“Back to his cover—don’t take him home as yet; I will make an assessment to determine if any harm’s been done. A curse on all women—”
“Sirrah,” she admonished, daring to tease him.
The beggar made another exaggerated bow. “Present company excepted, then. If you need assistance you have only to signal—others stand ready but it would be best to keep a low profile.”
If she thought it odd that someone as recognizable as herself would be sent on a low-profile assignment, she left the thought unsaid; after all, the grey-eyed man was the head of their organization and he was presumably no fool. All in all, she was rather surprised he had taken a direct role in this retrieval—she usually received her orders from lesser beings and had little contact with the spymaster. But no question that Carstairs was too valuable to risk; he would be involved in only the highest-level assignments, which made his current situation all the more alarming.
Reaching into her reticule, she tossed the beggar a guinea, which he caught with a swift movement at odds with his appearance. “For your troubles,” she teased with her slow smile, then bowed formally as though she was still at the ambassador’s soirée. The beggar made a show of biting the coin between surprisingly white, even teeth. “Thank ’ee,” he rasped, his
firmly back in place as he scuttled off, hunched over and limping. She was all admiration—one would never guess he stood over six foot.
As she approached the door, Vidia took a quick, assessing glance at the assorted figures that loitered outside the building in various stages of drunkenness. She had learned a hard lesson, once, about the necessity of securing one’s retreat and did not care to repeat the experience. Squaring her shoulders, she pushed open the battered door to the Bowman and paused on the threshold to survey the interior, quickly estimating the size of the crowd and identifying potential exits. A hush fell almost immediately, but she hardly noticed; such a reaction to her appearance was to be expected and could be used or not used to her advantage, depending upon the assignment. If this one was to be low profile—well, she would do her best to be discreet but since one of her earbobs was worth more than anyone in the room could hope to see in a lifetime, this seemed a tall order. No matter; best get on with it.
Moving forward in a languid fashion, she quickly scanned the crowded room and spotted Carstairs leaning on his elbows at the corner of the bar, bringing a tin cup unsteadily to his lips and giving her the barest glance of disinterest. She had to give him credit—he knew better than to present his back to the room, even drunk as a sailor. There seemed little doubt he was quite drunk—small wonder the spymaster was concerned; Carstairs was the keeper of many secrets.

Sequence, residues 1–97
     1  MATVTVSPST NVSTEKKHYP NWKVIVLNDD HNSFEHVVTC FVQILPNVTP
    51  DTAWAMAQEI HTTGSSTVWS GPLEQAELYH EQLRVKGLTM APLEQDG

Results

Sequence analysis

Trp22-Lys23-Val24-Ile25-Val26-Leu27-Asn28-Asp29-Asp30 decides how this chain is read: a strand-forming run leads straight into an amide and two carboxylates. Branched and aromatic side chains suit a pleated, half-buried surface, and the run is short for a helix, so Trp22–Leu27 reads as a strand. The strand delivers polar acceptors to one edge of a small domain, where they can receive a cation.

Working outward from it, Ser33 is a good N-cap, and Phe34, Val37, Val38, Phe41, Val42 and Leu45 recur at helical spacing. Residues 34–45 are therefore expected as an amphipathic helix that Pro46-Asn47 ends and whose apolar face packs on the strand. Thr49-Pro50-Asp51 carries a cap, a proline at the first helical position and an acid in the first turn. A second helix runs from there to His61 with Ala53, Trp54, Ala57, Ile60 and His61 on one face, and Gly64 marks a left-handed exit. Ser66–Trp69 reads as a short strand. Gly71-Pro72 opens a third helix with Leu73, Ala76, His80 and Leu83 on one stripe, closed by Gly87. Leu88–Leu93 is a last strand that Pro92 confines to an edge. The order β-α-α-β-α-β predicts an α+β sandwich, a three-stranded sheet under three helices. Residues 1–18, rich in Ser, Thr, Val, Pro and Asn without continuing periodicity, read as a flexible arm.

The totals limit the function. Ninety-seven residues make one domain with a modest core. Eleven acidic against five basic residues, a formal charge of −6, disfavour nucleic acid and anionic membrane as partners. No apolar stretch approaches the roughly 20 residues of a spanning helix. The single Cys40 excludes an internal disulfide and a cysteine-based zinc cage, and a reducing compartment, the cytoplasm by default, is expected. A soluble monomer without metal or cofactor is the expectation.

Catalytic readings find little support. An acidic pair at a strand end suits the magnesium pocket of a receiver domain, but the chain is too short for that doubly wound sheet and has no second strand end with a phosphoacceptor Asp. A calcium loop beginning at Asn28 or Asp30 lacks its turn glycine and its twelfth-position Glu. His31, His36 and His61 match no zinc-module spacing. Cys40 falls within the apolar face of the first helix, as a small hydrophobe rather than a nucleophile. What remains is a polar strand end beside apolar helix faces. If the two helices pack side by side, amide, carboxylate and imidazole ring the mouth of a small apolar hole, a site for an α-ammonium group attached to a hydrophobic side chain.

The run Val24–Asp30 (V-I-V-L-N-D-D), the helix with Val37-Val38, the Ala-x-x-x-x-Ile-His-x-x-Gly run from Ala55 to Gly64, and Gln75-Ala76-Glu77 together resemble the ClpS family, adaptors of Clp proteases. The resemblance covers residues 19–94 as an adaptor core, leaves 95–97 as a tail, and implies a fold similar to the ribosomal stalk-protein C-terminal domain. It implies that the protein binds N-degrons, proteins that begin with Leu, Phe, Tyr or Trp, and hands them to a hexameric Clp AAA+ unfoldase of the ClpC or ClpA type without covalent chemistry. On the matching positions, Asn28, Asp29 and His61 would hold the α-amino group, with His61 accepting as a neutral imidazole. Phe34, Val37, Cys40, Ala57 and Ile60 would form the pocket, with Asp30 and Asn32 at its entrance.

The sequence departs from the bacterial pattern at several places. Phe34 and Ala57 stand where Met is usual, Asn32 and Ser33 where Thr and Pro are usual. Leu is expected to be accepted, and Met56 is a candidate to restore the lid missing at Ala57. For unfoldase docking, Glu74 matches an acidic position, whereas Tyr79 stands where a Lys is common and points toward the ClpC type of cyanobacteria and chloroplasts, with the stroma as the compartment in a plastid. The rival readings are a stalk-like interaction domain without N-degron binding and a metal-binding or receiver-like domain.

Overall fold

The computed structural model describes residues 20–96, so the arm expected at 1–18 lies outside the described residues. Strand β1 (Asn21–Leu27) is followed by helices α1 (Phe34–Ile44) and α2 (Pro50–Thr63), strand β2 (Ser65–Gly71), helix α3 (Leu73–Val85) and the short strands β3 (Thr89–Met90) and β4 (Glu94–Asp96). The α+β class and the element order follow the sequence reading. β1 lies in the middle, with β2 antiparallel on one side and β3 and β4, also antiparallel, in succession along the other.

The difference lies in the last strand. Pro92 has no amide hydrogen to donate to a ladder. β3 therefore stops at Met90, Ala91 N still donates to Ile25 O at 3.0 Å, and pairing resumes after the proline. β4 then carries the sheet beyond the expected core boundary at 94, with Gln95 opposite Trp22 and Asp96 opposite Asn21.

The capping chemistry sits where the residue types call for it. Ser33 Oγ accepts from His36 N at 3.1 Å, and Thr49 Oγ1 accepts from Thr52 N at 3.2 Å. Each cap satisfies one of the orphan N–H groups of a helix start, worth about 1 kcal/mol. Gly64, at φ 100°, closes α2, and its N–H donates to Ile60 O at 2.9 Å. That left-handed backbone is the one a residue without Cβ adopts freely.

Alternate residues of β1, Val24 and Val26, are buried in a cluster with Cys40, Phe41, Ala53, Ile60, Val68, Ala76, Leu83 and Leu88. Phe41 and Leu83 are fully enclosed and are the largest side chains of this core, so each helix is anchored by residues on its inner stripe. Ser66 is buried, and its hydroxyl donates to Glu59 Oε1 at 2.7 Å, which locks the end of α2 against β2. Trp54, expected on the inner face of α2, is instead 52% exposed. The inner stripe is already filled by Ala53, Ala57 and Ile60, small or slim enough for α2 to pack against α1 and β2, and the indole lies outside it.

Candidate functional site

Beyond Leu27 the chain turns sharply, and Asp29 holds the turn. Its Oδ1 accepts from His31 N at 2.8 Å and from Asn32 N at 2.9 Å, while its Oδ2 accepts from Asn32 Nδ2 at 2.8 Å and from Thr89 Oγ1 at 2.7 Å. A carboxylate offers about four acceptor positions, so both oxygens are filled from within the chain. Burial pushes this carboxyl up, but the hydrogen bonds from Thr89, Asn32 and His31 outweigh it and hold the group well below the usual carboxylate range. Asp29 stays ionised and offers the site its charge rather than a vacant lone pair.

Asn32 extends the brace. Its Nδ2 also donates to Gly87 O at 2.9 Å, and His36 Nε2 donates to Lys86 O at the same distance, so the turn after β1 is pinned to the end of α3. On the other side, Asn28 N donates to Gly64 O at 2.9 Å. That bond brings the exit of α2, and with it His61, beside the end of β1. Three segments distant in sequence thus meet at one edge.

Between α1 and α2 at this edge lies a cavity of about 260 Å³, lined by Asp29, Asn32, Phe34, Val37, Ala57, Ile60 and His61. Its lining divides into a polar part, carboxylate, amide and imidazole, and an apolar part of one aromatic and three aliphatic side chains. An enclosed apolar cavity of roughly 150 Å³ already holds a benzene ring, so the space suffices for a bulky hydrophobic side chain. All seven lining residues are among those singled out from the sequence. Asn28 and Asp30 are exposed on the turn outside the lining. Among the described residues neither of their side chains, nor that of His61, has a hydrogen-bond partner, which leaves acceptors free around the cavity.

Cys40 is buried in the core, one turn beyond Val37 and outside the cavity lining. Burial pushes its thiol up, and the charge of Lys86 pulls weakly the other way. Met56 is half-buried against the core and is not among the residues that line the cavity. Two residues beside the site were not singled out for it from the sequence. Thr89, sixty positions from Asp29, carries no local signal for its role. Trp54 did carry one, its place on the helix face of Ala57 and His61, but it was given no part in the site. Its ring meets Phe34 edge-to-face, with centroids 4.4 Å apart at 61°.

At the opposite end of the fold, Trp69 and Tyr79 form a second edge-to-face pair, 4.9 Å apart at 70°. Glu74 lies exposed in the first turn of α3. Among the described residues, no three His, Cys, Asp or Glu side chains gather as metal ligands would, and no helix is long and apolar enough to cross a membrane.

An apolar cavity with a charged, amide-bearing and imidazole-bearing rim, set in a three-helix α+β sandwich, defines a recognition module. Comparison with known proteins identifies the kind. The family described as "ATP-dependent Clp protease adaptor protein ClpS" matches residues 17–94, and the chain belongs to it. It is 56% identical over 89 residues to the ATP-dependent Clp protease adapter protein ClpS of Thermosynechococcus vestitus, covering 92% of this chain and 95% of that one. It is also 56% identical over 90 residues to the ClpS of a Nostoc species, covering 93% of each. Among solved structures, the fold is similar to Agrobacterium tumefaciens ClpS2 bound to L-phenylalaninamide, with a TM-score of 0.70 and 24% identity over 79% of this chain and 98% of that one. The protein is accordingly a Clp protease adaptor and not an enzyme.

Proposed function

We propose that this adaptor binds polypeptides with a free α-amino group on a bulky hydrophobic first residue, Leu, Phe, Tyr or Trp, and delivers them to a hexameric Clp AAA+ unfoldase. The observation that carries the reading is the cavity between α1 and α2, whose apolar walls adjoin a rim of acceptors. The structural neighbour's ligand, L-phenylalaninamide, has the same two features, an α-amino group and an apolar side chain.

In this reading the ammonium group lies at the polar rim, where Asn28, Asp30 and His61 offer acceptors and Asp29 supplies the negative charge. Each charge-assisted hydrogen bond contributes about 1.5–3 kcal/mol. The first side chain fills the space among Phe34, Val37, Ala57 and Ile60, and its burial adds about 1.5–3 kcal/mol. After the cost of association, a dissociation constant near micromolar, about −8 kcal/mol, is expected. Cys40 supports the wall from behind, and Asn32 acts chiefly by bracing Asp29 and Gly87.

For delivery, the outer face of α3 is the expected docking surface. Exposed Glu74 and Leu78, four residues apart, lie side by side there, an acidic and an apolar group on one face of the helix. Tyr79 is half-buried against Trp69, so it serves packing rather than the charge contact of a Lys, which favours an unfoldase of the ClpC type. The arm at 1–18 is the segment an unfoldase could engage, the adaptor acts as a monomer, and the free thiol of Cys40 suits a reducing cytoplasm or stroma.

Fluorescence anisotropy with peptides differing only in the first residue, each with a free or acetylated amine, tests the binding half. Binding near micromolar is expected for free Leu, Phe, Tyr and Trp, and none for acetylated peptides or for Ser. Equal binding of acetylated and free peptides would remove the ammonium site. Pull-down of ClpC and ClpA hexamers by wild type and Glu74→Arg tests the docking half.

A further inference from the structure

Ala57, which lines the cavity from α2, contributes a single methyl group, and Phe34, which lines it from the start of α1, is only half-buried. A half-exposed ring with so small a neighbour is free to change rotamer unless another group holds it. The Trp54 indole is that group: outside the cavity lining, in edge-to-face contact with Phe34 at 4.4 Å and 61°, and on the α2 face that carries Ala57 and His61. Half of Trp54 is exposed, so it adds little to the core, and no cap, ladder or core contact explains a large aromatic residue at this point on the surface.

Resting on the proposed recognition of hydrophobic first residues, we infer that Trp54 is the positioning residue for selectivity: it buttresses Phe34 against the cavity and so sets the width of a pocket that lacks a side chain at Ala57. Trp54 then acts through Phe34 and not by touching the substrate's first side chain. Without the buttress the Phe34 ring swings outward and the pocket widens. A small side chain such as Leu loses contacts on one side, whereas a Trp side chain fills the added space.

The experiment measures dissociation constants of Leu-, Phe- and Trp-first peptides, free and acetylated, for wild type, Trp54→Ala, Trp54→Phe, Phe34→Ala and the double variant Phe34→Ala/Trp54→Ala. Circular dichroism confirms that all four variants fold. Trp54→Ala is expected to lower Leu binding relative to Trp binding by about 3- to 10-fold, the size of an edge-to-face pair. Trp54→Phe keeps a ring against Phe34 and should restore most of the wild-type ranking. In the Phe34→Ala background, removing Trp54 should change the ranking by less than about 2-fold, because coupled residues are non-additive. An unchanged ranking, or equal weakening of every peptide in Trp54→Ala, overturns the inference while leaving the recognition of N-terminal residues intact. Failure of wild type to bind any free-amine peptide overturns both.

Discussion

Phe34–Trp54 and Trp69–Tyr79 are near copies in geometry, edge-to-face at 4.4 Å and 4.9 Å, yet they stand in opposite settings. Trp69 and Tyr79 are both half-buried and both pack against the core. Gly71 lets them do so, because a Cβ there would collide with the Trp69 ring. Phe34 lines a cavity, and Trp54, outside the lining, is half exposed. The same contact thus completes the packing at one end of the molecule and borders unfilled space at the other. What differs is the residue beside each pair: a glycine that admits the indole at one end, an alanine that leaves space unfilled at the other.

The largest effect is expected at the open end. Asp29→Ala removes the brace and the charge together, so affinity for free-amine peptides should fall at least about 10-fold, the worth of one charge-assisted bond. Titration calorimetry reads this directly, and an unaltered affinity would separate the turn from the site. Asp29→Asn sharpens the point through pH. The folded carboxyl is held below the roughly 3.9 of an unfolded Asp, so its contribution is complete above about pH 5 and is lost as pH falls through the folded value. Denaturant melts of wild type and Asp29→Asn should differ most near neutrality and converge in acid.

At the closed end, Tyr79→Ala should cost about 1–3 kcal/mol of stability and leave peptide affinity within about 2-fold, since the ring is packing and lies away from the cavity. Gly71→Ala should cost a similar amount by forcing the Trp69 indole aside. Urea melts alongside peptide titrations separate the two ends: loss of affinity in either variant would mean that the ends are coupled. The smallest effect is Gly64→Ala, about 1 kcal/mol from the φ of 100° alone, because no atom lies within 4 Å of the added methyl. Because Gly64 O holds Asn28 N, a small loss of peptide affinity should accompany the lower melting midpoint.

She advanced toward the bar and kept her eyes fixed upon her mark, hoping to extract him quickly and without inciting undue notice—or at least more than could be helped, given that she was so very noticeable. It was too much to be hoped for, however—one of the Bowman’s drunken patrons made so bold as to step before her to impede her progress, glancing at his fellows so they could appreciate his temerity. With an insolent grin, he looked her up and down and pronounced, “I gots wot yer lookin’ fer, me foine lady.”
Pausing, she openly assessed him with an amused smile on her lips. “That is as may be, my friend—but you don’t have what I am looking for, which is fifty guineas.”
The man whistled in appreciation, hitching his thumbs in his braces and glancing at the assembled men. “No one ’ere’s got that much o’ the ready in a twelve-month, lady—ye must be lost.”
“Not I,” she teased with a hand on his arm. “I am here to gather up the lost—do step aside.” She softened the command with a dazzling smile and a slow wink, then gently pushed him away, hoping it was enough to allow him to back down without losing face—but ready to twist the arm behind him, if needful. Fortunately, the gambit worked; the man chuckled in appreciation and backed away with a gesture of homage, the others around him murmuring in amusement. There was no ugly undertone as yet; Vidia could feel the weight of the pistol in her pocket and hoped she wouldn’t need it. She was adept at gauging the mood of a crowd and felt that at present it hung in the balance—but by this time of night there would had been heavy inroads made into the cask of Blue Ruin and reactions were therefore unpredictable.
Carstairs was contemplating the dregs of the cup he held before him as she sidled up beside him at the bar, shoulder to shoulder so that she could keep an eye on the crowd and the door. He did not lift his eyes to her but she knew he had recognized her the moment she entered the room—it was his job. He growled, “Go ’way.”
“Sorry,” she apologized. “I do have orders.”
He lifted his head to look at her, the movement causing him to lose his equilibrium. With an effort, he focused his steel blue eyes on hers and for a brief moment she felt a breathless sensation in the vicinity of her breast. “Bullock your orders.”